Flow

What inspired you to start working on the project?
Since I was a child, I have lived in Bydgoszcz – a city that, in recent years, has been focusing more and more on the River Brda, which ows right through the city centre. As a photojournalist, I have worked on many assignments related to the river itself, or its surroundings. With time, I started to feel that the Brda is treated in a very fragmentary way. I wanted to get to know the river better, which was the best motivation I could get.

How did your work progress before you made the final version of your project?
The research was of crucial importance here. I listed in my notebook more than 60 clues that I wanted to investigate. In choosing most of them, I relied on press articles and Google Maps. Sometimes, the people I met on the spot showed me the way to other places. Of course, not all the clues ended in success, but there were also locations from which I had di culty choosing the one representative photograph.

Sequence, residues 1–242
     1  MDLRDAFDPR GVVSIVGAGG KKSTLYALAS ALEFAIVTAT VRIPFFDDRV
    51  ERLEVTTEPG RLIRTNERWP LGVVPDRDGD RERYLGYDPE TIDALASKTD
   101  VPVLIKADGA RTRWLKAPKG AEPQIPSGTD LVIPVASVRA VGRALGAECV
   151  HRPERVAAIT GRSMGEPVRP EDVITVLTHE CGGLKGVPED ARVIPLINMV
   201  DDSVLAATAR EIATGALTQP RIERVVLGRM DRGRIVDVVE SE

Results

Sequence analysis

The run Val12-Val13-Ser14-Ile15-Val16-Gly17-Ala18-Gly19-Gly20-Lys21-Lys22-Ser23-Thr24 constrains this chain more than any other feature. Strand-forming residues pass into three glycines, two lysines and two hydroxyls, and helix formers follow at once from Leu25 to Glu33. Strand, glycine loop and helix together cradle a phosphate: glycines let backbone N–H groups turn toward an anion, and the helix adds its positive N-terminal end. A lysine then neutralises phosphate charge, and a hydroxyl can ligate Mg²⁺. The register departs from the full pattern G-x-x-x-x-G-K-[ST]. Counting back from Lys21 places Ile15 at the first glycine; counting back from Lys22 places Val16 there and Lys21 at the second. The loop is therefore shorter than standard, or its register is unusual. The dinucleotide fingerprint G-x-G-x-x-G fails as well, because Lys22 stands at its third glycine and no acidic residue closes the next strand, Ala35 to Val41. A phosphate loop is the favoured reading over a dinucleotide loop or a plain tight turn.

What is the central message you wish to communicate?
You don’t need to go to an exotic place to photograph something extraordi- nary. Poland is a beautiful and diverse country, still waiting to be discovered. All you need to do is to break out of mundane, everyday life, start wondering about things and be a discoverer. I have a feeling that this is a very positive story, likely to puzzle and absorb the viewer, which will be a success in itself given the huge number of pictures we are overwhelmed by.

What photographic language do you use in your pictures and why?
I was looking for puzzling or extraordinary fragments of reality. I take the viewer on a trip along the Brda, even though the river never appears in the pictures. Rather it is explored through the surroundings and the people. My intention was to astonish viewers, enticing them into a visual puzzle. The underlying stories allow the images to be interpreted in a di erent way than initially intended – they help the viewer solve the puzzle.